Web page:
Skills to learn:
Playing jump up and off is fun. Ask the dog to jump up, and then get off the bed, because you found some chicken over here! Practice jump up and get off for a treat.
If you need/want to practice taking an item away from a dog, first play with a tug toy. Drop the toy and with one hand gently take the dog’s collar. Don’t touch the item in your dog’s mouth. Have an excellent food treat in your hand other hand. As soon as the dog drops the toy, yay, praise and give him the treat as you release the collar. Then, give him back the toy again, playing a little game of tug. Take the dog’s collar as before, while dropping, not touching, the toy. Wait and when the dog drops the toy, say “drop it!” This time give the dog a raw beef bone or something chewy and long lasting as you deliver praise. Pick up the toy and put it away. My goal is to teach dogs to “trust me” when I ask them to get off the bed or take the toy (or bone or dead mouse), and reward them highly!
Evaluate: Are you reinforcing your dog(s) enough for sharing? Is there plenty of “good stuff” to go around, or is your dog being asked to share too much? Do you reward him EVERY time you take a toy or other item from your dog? Go over your inventory. What the dog is experiencing? When? Where? How can you make the learning process more fun for you and your dog? If s/he “trusts” you, she will want you to be in charge of guarding the resources!
Learning to become a better animal trainer is a life long process. And it’s pretty “normal” for trainers to disagree about all sorts of things. When I take dog classes, I might disagree with my instructors, but I try to keep my mouth shut for the most part. One common disagreement is about gear. In AKC clubs, I’ve seen people with choke or prong collars on their dogs, and I’ve been told head halters aren’t allowed! What?
So disagreements are to be expected, but it drives me crazy when I hear people saying that head halters are dangerous, they can cause neck injuries, interfere with a dog’s ability to smell, or just “dogs hate them.” So when I was in a dog class where the teacher said students should take their dogs to see a chiropractor if they’re using a head halter, you can imagine how hard it was for me to say nothing! (here’s a link to my head halter training playlist on youtube. https://www.youtube.com/watch?v=Jjw98m9J9YQ&list=PL1E6379E57F518AF0 )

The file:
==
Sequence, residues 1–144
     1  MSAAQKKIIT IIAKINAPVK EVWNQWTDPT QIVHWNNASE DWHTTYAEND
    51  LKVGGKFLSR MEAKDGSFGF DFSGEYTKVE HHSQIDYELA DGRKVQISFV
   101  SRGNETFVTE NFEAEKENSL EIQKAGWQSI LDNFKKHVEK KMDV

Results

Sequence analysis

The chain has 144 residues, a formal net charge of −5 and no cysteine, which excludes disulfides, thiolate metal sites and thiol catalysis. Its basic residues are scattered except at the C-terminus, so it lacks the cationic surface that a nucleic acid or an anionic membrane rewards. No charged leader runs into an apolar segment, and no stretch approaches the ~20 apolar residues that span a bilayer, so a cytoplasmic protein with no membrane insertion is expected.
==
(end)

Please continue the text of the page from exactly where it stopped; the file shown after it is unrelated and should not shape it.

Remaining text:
But after a few gasps of protest, I clamped my hand over my mouth and focused on observing the dogs. And at the very moment two unruly young dogs in body harnesses were causing some commotion, barking and lunging while the teacher made a pretty good display of not being bothered the slightest by barking and bouncing dogs. “That’s not predatory aggression,” she said, and remarked what she could tell from his body language. “He just wants to play.”
It sounded like famous last words to me. Canine body language can surprise us. The only certainty in my mind was that the dog was excited, aroused, barking, and pulling with all his might at the end of a leash attached to a woman who didn’t know what to do. If the handler lost her grip on the leash, the dog would blast off and my young German Shepherd’s relaxed down-stay on his mat would be tested.
Head halter handling is much like holding the hand of a toddler. Most of the time you have a light touch, but you might give a little squeeze when you’re crossing the road. Head halter training helps us to avoid “opposition reflex,” as illustrated in the above photos. The opposition reflex leads your little buddy to naturally pull away from restraint. In agility, we use that reflex to build speed into a “blast off!” So when untrained handlers pull or balance themselves by hanging onto the dog’s leash, it naturally stimulates dogs to pull in opposition. Restrictive body harnesses work mechanically, by restricting shoulders, and preventing the dog from shifting weight back onto their hips, but they can also stimulate opposition reflex. Muscles regularly restricted and inhibited in this way can slowly deform and disable growing bodies, just like keeping your toddler in a straight jacket. But because it can be challenging to put on and off the dog’s harness, many handlers keep dogs in body harnesses all the time, even when the dogs are off leash!
In any case, body harnesses are essential when you want your dog to pull, as they help distribute weight over the dog’s body. I use body harnesses to cue my dogs that yes, now it’s okay to pull.
A head halter is not good for tracking, or pulling. And it’s not like prong, choke or shock. Head halters can’t be just slapped on and go. Much like driving a stick shift, handlers and dogs need to learn how to drive, or walk nicely, on a leash with a head halter. Used properly, head halters should not be aversive, and they can be far less aversive than body harnesses.
ANY training tool handled improperly, can be aversive.
Internet head halter propaganda shows an anatomical sketch of a dog’s head laced with bundles of nerves and veins and this caption, “this is why I don’t use a head halter.” Did they forget that veins and nerves are all over the dog’s body? And anytime ANY gear cuts off circulation, it’s being used improperly.